The 5.30am head-on collision on Whangaparaoa Road closed the road for more than two hours.
Police named the victim as Coral Jobsis, 23.
Emergency services needed the road closed while they were at the scene and while police investigated the crash.
Police said two people, a man and a woman, both aged 26, were taken to North Shore Hospital with serious injuries.
Whangaparaoa Peninsula residents were frustrated by the closure as residents faced long waits to get in and out of the peninsula.
The road was closed between Marellen Drive and Glenelg Road at Red Beach.
When one lane was reopened traffic was backed up more than 4km to the shopping plaza. At 90am, with the road reopened, traffic was crawling from Manly, 6km from the scene of the crash.
Red Beach resident Graeme Stokes had abandoned his car on Vipond Road and walked as far as he could, and said the queue of traffic went as far as the eye could see.
“When this road is closed we are land locked,” he said.
He said the crash would make many people very late for work.
He said Whangaparaoa Road was a known pinch point and traffic could be heavy, but he’s never seen completely grid-locked before.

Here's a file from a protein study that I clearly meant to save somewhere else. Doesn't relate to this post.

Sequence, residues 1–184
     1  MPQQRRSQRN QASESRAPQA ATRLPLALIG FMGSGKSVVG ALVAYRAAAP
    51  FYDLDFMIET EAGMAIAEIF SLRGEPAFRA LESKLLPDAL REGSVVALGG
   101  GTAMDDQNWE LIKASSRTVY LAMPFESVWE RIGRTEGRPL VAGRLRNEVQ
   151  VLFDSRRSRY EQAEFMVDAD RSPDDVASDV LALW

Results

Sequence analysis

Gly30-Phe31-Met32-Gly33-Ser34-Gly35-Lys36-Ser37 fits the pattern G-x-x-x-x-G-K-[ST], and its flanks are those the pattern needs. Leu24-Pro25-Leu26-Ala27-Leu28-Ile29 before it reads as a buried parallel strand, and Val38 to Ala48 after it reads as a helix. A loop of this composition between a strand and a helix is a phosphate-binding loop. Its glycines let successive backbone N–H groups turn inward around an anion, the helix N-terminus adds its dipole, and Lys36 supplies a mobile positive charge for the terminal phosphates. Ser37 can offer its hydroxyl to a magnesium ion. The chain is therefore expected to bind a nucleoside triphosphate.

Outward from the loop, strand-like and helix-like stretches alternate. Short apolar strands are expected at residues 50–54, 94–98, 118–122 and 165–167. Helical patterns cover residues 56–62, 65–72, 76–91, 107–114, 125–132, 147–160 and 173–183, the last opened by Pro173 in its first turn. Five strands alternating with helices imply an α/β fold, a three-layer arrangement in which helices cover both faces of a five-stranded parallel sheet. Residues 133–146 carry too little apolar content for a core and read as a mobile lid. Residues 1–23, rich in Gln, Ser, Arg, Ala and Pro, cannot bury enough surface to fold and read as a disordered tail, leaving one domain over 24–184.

Several residents said they were frustrated by the delay of the proposed Penlink connection from Whangaparaoa to the Hibiscus Coast Highway.
Many said the traffic delays experienced today wouldn’t have occurred if there had been an alternative route out of the peninsula.
One Whangaparaoa Peninsula resident said: “We have been waiting for the Penlink to happen for years. However, Len Brown has not obliged us up here on the coast. The population continues to grow and yet rate payers are not heard.”
Commuters heading to the city by car were encouraged to take the Gulf Harbour Ferry instead, but the ferry captain was reportedly caught up in the traffic jam and the departure was delayed.
The crash was a head-on collision and resulted in both cars and debris being spread across four lanes, police said.
Police said that because of the location of the crash there was no option to allow traffic to be diverted around the scene via a footpath as there was a bank on one side and the road dropped down to a right-of-way street on the other side.
Three investigators from the Waitemata Police Serious Crash Unit were sent to examine and clear the scene as soon as it could be done, while ensuring an adequate scene examination to allow a crash investigation was carried out.
Fuel from the ruptured tank of one of the cars was spilt across a large part of the road and that had to be cleaned up by the Fire Service to ensure the road was safe to reopen.
“At this stage we’re not able to say what caused the crash, or give any possible indications as to what might have happened,” inspector Mark Fergus said.
“Our thoughts are with the Jobsis family, who have received the worst news possible this morning, and their welfare is our priority.”
By Sophie Ryan